Senate and ESEA: That's a Wrap!

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Earlier today, the Senate voted (81-17) to pass the Every Child Achieves Act (ECAA). As a strongly bipartisan proposal to reauthorize the Elementary and Secondary Education Act, the bill is a welcome step forward, bring an overall ESEA reauthorization effort nearly 8 years in the making the closest its been to the finish line. Today’s Senate vote follows last week’s House vote, and the bills now go to conference (to reconcile differences) before hopefully making it to the President’s Desk.

AASA was pleased to support the bill and provided daily updates and calls to action on the blog. You can find the final status of all amendments as filed in this spreadsheet. Amendments without a listed action were not considered. 

With a final vote of 81-17, 14 Republicans and 3 Democrats voted against the bill. Voting against the bill were Blunt (R-MO), Booker (D-NJ), Crapo (R-ID), Cruz (R-TX), Daines (R-MT), Flake (R-AZ), Lee (R-UT), Moran (R-KS), Murphy (D-CT), Paul (R-KY), Risch (R-ID), Rubio (R-FL), Sasse (R-NE), Scott (R-SC), Shelby (R-AL), Vitter (R-LA), and Warren (D-MA). Those not voting included Graham (R-SC) and Nelson D(FL).

Highlights from the floor debate: As you’ll recall, more than 200 school system leaders were in town last week for the AASA advocacy conference and were on the hill when both the House and Senate were considering their respective b for ills. There were eight large priorities we were watching, and we are pleased to see that AASA was 8 for 8 with these in the Senate debate:

  • Student Data Privacy: Sen. Vitter withdrew his student data/privacy bill, which was overly prescriptive/limiting and linked ESEA and student data privacy too closely. The Hatch/Markey commission as adopted by amendment was something AASA endorsed, and calls for a report to examine what information Congress needs to make appropriate federal education policy related to student data/privacy.
  • Vouchers and Portability: The Senate defeated TWO amendments calling to allow Title I dollars to be restructured as vouchers or to follow a child to a school of their choice. AASA is strongly opposed to both vouchers and portability, and AASA’s Sasha Pudelski co-chairs the national coalition that leads the charge against vouchers and portability.
  • Accountability 2.0: AASA was actively engaged in efforts to defeat proposals that wanted to increase federal requirements related to accountability. Proposals (Murphy/Booker) included mandating the identification of schools in the bottom 5%, identifying schools graduating less than 67% of their students, expanded data disaggregation, and more. We were pleased to see these amendments either defeated or withdrawn.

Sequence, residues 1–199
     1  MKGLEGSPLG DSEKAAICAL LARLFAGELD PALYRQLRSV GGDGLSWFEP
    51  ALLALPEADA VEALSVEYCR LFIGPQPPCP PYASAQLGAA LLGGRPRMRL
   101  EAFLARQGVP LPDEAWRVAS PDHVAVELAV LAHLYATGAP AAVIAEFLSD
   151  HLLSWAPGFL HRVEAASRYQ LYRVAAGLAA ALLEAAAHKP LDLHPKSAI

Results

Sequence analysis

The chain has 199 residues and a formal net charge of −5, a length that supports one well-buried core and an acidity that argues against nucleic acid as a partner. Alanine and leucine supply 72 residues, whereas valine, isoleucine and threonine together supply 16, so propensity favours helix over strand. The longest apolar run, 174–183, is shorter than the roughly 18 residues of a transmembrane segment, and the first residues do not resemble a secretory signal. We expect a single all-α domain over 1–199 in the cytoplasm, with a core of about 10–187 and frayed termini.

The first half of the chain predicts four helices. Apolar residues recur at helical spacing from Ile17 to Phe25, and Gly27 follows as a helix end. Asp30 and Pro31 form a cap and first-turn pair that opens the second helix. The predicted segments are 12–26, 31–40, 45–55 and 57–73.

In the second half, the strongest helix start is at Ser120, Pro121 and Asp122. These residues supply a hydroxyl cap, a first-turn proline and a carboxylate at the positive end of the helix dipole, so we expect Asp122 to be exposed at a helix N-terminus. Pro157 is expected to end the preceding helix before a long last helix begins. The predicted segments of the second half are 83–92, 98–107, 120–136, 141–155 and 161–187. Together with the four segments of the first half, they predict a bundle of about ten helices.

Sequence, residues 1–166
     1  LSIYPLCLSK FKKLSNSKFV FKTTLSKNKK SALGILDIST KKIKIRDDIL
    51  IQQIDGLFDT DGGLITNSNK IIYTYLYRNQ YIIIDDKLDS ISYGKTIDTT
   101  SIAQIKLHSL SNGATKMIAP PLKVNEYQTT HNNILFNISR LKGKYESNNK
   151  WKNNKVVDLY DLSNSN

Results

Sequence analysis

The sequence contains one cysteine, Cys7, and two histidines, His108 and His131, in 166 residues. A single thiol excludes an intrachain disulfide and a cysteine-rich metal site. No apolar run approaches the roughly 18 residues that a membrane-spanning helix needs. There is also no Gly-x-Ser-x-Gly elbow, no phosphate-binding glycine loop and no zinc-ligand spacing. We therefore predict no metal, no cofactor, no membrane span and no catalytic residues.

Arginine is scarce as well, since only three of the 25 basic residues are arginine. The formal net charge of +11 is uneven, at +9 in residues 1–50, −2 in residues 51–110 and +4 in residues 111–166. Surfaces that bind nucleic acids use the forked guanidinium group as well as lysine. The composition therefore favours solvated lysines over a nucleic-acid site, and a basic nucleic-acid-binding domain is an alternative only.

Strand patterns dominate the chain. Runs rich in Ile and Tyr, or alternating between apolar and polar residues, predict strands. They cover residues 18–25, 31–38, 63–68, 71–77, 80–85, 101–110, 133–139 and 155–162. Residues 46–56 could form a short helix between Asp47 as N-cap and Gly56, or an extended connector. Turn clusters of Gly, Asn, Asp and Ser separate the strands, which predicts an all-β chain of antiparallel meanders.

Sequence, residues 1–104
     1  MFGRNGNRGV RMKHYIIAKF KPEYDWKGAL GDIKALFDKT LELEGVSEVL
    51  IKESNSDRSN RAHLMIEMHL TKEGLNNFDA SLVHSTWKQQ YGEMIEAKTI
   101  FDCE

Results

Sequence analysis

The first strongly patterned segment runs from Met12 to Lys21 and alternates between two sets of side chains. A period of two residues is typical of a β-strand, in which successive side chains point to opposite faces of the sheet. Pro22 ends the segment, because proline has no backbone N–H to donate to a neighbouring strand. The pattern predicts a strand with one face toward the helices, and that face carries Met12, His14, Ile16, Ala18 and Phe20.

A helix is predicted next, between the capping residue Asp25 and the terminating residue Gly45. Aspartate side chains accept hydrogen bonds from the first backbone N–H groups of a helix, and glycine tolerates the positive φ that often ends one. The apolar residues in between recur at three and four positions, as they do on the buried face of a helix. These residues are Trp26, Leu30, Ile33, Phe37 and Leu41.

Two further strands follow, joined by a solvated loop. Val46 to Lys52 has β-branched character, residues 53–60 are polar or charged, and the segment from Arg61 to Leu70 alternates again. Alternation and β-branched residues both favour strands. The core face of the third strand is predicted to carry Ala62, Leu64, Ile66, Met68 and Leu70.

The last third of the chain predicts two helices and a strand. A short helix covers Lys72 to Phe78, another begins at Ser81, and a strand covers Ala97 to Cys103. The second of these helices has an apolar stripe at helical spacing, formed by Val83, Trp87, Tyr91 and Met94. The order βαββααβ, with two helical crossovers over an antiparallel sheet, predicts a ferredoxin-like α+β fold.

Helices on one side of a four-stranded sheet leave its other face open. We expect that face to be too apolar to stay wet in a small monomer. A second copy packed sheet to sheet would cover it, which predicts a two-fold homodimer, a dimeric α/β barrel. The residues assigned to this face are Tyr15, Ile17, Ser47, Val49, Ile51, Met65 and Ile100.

• Student Bullying: AASA actively supports legislation aimed at educating staff and students alike on how to avoid, identify and respond to instances of bullying. The Franken amendment under consideration in the Senate, however, included a private right to action, to which AASA was opposed. We were pleased to see this amendment defeated and welcome the chance to work in conference with any members interested in policy related to bullying.
  • Equity: There was an amendment (the Kirk amendment) looking to expand the way in which schools evaluate/report the equitable allocation of all resources within a school district, including facilities and library resources. AASA absolutely supports conversations around equity, but we were concerned with data collection expanded beyond what is already collected under the Office of Civil Rights (which in and of itself has expanded significantly in recent years). We were pleased to see this amendment defeated.
  • Title I Formula Change: AASA was able to ultimately endorse the Senator Burr proposal, which was adopted. Through a series of late revisions, the amendment’s new formula structure only goes into effect when allocations exceed $17 billion and then apply only to dollars exceeding that amount. This eliminates the ‘robbing Peter to pay Paul’ that would have dominated in an immediate implementation. We see room for additional improvement, but commend Mr. Burr for his continued focus on equity in ESEA allocation formulas.
  • Community Schools: AASA was proud to support TWO amendments related to community schools, both of which were adopted. As a long standing member of the Coalition for Community Schools, these amendments are strong affirmations of the importance of educating the total child and engaging community partners. These amendments included one related to community school coordinators and the full-scale program.
  • Edu-Flex: Sen. Cornyn and Warner introduced this amendment, the reauthorization of a pilot program that has been well received among participating states and schools as a way to allow states/districts more autonomy in leveraging state and federal resources in a flexible manner. Ed-flex is a program that delegates to states the authority to grant waivers of certain federal requirements. This bill reauthorizes the program and allows it to move forward; absent explicit reauthorization, the program would go away.



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